This guest post was contributed by Crystal Witter, intern at Racepoint Global.
On January 15, Racepoint Global announced a new name and logo – a final step in the Racepoint Group and Digital Influence Group integration (the integration was announced in July 2013). As any company grows, naturally its goals and talents evolve with it. So capturing the perfect appeal that reflects the brand can be a challenge. Our creative team worked long and hard, and with the help of a global internal branding committee, created a unique look that embodies our talent and culture, as one.
Here’s a look at Racepoint’s aesthetic history:
Rebranding isn’t throwing out the old; it’s about change and looking to the future. The new Racepoint Global logo symbolizes a unified marketing services agency that embraces the future of marketing.
Proactive rebranding is not only helpful but necessary as it generates attention while visually refocusing brand identity.
Take Starbucks for example:
The new logo is cleaner, only sustaining the brand’s backbone. Consistency and uniformity was priority, unveiling the rebranded image with the same mascot and color scheme. This was beneficial choice for Starbucks because it has become an icon for gourmet coffee all over the world.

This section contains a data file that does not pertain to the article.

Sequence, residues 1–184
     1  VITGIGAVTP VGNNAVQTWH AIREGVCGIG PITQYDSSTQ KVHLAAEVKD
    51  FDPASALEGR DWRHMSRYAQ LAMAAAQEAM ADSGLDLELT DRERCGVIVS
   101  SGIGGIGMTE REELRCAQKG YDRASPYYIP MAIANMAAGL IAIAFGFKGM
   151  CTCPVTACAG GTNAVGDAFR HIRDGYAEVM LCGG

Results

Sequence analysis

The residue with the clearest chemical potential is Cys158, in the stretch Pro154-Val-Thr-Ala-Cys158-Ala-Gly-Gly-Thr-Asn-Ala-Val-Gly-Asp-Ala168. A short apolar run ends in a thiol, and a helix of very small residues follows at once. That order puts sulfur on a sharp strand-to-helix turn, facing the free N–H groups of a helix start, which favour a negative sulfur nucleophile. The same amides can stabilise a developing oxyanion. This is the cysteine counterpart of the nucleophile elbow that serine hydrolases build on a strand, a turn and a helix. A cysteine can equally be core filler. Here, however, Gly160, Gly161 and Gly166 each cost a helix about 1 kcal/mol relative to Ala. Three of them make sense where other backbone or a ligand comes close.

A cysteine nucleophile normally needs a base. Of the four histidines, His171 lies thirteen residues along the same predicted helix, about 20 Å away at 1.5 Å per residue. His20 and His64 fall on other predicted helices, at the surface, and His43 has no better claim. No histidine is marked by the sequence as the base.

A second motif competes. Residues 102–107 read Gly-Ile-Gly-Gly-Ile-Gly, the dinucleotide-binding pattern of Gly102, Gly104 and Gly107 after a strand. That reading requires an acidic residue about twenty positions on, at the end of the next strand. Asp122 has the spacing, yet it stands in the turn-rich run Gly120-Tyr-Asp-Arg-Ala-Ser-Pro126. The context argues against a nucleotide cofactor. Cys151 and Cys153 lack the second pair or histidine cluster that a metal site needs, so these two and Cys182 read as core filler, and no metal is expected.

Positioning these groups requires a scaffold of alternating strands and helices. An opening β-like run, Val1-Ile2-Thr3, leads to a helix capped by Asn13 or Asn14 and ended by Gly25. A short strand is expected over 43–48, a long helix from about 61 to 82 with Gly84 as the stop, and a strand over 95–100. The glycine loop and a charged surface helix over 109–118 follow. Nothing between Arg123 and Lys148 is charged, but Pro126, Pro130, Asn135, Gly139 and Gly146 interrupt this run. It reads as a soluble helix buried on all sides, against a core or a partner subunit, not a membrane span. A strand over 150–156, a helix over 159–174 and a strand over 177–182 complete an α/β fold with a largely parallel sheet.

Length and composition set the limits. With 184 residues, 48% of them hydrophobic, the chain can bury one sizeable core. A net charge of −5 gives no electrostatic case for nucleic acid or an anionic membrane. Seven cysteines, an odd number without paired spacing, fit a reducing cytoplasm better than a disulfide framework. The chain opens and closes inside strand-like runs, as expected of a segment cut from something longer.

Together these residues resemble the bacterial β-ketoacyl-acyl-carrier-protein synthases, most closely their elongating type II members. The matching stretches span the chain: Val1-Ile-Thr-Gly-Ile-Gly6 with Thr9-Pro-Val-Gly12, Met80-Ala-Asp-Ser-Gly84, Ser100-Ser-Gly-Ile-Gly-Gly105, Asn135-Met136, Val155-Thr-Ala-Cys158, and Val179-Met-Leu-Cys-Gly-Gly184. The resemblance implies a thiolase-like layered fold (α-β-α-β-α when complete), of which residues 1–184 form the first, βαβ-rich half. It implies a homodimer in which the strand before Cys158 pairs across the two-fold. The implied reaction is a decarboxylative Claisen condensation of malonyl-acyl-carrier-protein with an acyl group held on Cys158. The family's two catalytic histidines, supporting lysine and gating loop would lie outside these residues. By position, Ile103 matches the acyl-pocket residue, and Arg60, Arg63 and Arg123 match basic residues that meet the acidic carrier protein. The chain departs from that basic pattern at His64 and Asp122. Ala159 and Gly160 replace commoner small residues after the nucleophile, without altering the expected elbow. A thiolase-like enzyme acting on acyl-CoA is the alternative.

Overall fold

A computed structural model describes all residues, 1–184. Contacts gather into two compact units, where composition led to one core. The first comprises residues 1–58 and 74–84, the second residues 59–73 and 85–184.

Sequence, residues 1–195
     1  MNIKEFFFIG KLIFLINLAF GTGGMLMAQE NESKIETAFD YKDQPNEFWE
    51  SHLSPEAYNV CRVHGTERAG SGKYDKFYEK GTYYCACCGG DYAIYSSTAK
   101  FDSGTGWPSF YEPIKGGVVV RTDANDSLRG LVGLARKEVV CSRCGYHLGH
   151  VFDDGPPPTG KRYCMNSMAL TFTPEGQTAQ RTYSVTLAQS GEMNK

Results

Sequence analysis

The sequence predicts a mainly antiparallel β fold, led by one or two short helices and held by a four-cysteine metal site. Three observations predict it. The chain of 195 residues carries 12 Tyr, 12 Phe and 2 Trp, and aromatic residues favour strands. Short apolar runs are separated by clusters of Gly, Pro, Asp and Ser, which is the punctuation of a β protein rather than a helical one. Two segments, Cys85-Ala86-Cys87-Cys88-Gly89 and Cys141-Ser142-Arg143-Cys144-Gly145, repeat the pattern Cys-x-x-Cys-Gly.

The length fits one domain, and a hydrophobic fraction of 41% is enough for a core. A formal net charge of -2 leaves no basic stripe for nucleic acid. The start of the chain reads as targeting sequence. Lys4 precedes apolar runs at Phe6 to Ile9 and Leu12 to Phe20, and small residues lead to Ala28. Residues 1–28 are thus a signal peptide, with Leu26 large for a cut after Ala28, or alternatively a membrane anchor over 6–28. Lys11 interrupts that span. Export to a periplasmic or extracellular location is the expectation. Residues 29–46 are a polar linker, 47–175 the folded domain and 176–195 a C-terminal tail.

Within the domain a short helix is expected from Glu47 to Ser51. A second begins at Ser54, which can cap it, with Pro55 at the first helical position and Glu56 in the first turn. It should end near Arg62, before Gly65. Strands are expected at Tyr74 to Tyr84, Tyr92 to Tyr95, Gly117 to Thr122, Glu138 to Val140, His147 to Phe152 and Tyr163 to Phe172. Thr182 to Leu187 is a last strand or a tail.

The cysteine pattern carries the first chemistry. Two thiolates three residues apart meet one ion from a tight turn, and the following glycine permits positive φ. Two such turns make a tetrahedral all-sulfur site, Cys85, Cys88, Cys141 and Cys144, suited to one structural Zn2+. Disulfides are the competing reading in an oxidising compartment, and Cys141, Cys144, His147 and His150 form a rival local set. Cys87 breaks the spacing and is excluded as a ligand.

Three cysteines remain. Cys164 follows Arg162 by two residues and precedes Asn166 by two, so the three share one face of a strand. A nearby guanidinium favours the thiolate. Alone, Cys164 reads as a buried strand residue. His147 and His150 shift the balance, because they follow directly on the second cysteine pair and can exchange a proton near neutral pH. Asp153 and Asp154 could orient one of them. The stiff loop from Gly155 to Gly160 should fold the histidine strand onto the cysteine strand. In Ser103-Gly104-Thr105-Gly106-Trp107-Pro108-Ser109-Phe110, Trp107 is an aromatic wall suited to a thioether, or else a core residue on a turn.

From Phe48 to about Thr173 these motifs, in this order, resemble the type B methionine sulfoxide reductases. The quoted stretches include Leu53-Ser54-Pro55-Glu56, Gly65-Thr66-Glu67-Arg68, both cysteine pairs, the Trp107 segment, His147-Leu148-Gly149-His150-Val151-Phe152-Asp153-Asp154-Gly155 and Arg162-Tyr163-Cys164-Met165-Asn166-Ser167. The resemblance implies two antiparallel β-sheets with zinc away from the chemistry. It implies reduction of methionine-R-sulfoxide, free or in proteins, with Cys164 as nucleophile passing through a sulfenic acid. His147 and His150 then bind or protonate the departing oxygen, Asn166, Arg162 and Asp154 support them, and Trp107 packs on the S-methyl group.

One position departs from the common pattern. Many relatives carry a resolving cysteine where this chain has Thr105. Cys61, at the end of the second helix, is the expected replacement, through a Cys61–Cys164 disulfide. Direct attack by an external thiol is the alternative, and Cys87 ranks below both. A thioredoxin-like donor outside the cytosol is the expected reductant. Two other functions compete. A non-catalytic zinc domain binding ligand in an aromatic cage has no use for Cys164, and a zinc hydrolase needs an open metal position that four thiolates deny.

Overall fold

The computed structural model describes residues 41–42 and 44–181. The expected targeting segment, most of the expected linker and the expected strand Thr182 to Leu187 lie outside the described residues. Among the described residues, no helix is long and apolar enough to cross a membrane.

A more drastic change:
Sure, the multi-colored rainbow fruit reflected the 1970’s well. It was a decade of prints and extravagant color and presentation. Apple took a dramatic turn in their 1990’s logo – Opaque black to embody a classic and timeless scheme to open up with unpredictable millennium. And jumping to the company’s most recent logo is still opaque but includes a gradient – This connotes a metallic texture that compliments the technology age.
Rebranding needs to be meaningful and collective. Its importance cannot be overlooked or underestimated. “$1.1 trillion of sales in 2013 were “Web-Influenced.” The power of visual appeal is at its highest and in the current business world, what separates success from mediocrity is performance and appearance.